When it it comes to conference attending and the like and taking time off to go to these things, network and reflect and learn. I find this incredibly important and I used to do it a lot more. At the same time I find it important to hold a balance between obtaining these stimuli and possibly executing on them, by applying newly learned techniques, tools and practices to your daily work. On the other hand often daily work seems to follow into certain almost static routines and die hard practices, if not scrutinised and challenged. In addition it would be awesome if you could set aside time to experiment with all the stuff you cannot squeeze into your daily work routine.

Now on to the actual content I will try to give a brief overview of my observations from the conference based on the notes I jotted down. I will not attempt to give a complete account, but some of the more interesting things will be mentioned. I encourage you to checkout the GOTO Play app if you want to watch the videos of the actual talks and most of them will probably make it to Youtube at some point in the future.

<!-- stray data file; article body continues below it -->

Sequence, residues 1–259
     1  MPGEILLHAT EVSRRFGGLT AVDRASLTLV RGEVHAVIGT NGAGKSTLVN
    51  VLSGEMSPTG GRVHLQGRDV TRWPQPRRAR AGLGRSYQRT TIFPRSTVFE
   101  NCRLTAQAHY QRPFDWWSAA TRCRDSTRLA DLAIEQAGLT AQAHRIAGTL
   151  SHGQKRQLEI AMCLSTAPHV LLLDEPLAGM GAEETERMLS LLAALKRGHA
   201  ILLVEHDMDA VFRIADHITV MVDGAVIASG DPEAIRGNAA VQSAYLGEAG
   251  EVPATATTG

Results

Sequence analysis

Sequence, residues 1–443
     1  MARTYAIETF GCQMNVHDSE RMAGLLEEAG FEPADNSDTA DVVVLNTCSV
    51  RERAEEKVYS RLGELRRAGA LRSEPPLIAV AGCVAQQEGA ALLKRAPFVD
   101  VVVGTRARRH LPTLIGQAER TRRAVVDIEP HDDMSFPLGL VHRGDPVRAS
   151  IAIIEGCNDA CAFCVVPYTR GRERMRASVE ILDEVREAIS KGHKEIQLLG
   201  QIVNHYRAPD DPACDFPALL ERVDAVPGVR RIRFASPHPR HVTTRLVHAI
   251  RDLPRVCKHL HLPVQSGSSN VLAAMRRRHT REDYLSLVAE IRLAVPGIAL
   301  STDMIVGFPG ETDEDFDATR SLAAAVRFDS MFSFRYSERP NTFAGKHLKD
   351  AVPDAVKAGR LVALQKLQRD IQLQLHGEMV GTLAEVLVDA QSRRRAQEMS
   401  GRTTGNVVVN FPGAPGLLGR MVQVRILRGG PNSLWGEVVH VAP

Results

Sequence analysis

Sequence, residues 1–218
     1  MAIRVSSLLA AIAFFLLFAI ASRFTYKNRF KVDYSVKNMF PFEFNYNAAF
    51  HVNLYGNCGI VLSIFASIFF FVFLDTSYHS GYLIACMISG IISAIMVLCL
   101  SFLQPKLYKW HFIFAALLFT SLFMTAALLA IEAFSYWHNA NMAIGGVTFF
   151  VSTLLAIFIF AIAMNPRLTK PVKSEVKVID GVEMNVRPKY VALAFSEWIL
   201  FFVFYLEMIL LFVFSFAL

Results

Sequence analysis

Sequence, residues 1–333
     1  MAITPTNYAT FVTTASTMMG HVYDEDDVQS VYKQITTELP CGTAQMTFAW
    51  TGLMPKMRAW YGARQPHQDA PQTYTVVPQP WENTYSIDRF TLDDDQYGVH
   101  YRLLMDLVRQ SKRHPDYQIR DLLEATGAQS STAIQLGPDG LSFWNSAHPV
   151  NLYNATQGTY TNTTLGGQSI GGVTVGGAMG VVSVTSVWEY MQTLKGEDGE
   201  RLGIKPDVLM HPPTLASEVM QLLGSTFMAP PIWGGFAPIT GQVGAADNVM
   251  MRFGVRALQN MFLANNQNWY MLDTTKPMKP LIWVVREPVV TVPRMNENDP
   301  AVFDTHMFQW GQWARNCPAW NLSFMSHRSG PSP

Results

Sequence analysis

First talk I attended was entitled “SCRUM vs. SAFE”, an interesting talk based in yet another method SAFE, which attempts to address some of the short comings in SCRUM adaptation. Such as running siloed SCRUM in agile teams in a waterfall organisation etc. Tomas Eilsø the presenter gave an entertaining presentation with some good examples, so even though it was a method talk, it was not textbook excerpts, but based on Tomas experiences as a fighter pilot. The talk drew parallels to military decentralisation. The presentation also touched topics like, building a environment of trust, using cross-checks to stay safe and sharing of mental models. Indeed a great talks with lots of good points even if you are not into SCRUM or SAFE.

One of the really interesting take aways was the OODA loop, invented by John Boyd –  Observation-Orientation-Decision-Action loop or cycle. Which might be interesting in a agile setup for software development and business.

Mark Seeman (@ploeh) gave an excellent talk with the weird title “Pits of Success”. I have been following Mark for some time and even though he works in areas quite different from mine, meaning functional programming and F#, his presentation was awesome, entertaining and insightful. The presentation contained some very nice animations related to the title, be sure to watch the talk if you are intrigued.